When the radiological joint space of the ankle is targeted directly, there is a risk of hitting the anterior tibial margin. Instead, the anterior recess must be targeted just below the joint line. To do so, the following steps can be performed (Fig. 15):
The ankle is positioned in slight plantar flexion and the entry point is determined just lateral to the tibialis anterior tendon. The target is just below the joint space.
A 1.5-inch (3.8-cm) 25-gauge needle is inserted until bone contact and the injection is tested with an anaesthetic agent.
Flow of contrast medium away from the needle tip and opacification of the joint space confirm adequate position. The joint capacity is about 5 ml.
Cervical facet joints
Classically, the cervical facet joints are accessed via a lateral, direct approach . The major disadvantage of this technique is the risk of inadvertent perforation of major vessels and, more rarely, of neural structures . A posterior approach targeting the articular recess may present a more effective strategy (Fig. 16). The technique is as follows:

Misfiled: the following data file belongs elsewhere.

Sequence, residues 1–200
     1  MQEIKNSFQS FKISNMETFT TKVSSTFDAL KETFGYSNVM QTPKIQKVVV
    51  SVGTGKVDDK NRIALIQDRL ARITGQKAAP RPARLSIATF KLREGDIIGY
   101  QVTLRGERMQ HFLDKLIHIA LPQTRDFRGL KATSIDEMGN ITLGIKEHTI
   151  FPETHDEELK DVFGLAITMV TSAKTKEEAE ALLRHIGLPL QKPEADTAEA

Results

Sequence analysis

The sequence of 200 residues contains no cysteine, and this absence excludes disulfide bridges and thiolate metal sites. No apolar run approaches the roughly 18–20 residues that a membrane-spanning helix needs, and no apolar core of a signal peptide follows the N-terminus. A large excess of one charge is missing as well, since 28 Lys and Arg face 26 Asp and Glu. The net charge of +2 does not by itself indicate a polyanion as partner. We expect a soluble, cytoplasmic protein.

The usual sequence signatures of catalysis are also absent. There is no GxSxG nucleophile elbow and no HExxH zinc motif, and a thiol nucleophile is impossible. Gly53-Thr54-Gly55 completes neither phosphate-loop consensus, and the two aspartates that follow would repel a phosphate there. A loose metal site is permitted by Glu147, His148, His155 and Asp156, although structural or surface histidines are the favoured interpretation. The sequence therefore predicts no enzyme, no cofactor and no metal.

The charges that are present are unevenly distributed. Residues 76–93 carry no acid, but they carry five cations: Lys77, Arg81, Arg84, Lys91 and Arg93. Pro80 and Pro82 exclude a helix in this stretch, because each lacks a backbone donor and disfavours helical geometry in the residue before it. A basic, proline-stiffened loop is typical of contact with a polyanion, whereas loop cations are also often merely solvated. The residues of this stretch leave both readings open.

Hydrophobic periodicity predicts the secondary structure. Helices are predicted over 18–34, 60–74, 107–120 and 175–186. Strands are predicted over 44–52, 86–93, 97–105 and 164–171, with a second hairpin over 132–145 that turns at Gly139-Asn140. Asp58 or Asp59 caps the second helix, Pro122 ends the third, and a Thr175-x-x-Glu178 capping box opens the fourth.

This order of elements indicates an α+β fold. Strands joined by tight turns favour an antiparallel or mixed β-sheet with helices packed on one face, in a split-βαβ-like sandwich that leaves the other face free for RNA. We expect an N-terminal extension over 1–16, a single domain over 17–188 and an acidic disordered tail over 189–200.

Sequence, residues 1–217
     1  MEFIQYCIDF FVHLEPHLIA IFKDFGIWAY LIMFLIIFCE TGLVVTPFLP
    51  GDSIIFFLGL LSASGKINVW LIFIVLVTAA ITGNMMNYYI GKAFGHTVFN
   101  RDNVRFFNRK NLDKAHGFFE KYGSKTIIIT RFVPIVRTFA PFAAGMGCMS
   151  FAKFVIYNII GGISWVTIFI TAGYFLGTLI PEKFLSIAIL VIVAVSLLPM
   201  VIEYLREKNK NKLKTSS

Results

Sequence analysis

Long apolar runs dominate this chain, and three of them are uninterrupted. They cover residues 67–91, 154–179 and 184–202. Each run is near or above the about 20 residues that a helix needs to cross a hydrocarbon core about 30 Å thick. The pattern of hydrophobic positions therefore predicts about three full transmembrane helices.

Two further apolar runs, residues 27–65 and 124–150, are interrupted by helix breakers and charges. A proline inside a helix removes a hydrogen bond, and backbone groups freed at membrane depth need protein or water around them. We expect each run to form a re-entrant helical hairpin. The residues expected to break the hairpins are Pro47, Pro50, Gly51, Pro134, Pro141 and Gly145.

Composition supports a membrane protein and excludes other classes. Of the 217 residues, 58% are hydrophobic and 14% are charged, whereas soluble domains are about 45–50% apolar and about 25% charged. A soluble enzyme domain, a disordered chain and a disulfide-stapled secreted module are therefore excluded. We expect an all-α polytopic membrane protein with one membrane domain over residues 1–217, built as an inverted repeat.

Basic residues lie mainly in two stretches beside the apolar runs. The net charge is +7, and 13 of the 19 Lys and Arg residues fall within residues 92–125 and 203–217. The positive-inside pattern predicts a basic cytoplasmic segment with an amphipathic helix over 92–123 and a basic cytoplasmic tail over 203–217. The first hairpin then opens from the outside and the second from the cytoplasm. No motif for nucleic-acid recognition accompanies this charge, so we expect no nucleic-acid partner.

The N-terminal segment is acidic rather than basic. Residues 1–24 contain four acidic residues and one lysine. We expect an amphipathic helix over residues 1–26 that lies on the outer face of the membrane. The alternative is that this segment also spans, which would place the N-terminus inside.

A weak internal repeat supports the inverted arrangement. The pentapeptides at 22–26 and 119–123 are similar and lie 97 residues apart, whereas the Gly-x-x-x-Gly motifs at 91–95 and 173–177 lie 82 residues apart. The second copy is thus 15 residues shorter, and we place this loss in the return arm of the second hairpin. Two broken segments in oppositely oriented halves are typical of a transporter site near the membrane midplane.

The patient is positioned prone with the head rotated opposite to the injected side in order to avoid superimposition of the jaw on the cervical spine. The target is the inferior articular recess of the facet joint, which lies immediately below the most distal aspect of the inferior articular process. We caution against angulating the tube tangential to the facet joint in order to avoid passing through the joint and also to shorten the path.
A 3.5-inch (8.9-cm) 25-gauge needle is inserted until bone contact.
Flow of contrast media away from the needle tip in a horizontal direction with opacification of the joint space confirm adequate position. The joint capacity is about 1-2 ml.
This technique is also advantageous because bilateral injections can be performed without turning the patient and prepping the other side of the neck, as only the head has to be turned.
Lumbar facet joints